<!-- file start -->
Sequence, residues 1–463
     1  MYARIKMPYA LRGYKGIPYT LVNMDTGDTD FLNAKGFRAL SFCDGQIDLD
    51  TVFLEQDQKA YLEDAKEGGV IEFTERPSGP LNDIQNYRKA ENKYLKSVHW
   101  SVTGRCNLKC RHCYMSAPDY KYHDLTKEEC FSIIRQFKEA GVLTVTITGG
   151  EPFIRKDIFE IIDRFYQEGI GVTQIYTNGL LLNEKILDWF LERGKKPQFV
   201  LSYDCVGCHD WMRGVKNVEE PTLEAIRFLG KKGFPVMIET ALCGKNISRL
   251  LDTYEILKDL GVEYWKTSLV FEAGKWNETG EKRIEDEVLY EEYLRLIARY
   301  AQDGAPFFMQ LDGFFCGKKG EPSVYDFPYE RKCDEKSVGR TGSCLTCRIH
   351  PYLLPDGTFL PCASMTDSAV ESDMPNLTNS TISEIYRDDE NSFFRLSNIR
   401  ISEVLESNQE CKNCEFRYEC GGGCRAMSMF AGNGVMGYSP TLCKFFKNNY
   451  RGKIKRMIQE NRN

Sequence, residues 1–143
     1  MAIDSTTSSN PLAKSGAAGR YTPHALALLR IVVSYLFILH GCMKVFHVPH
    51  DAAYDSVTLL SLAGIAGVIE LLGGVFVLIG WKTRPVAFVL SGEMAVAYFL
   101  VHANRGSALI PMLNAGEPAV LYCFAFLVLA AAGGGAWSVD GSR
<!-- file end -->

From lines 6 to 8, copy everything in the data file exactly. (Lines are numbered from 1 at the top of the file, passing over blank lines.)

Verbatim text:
   201  LSYDCVGCHD WMRGVKNVEE PTLEAIRFLG KKGFPVMIET ALCGKNISRL
   251  LDTYEILKDL GVEYWKTSLV FEAGKWNETG EKRIEDEVLY EEYLRLIARY
   301  AQDGAPFFMQ LDGFFCGKKG EPSVYDFPYE RKCDEKSVGR TGSCLTCRIH